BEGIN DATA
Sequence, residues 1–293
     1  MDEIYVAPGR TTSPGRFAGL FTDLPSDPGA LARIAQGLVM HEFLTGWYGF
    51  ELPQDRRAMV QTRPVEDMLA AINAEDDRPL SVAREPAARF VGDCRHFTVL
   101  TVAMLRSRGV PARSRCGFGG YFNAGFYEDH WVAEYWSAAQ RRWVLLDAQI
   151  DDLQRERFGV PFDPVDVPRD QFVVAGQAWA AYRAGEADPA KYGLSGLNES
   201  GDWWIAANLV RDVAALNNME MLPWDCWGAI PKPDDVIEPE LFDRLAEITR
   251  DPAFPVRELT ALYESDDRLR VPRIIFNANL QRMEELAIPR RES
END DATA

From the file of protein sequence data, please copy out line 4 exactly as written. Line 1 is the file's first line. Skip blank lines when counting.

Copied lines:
   101  TVAMLRSRGV PARSRCGFGG YFNAGFYEDH WVAEYWSAAQ RRWVLLDAQI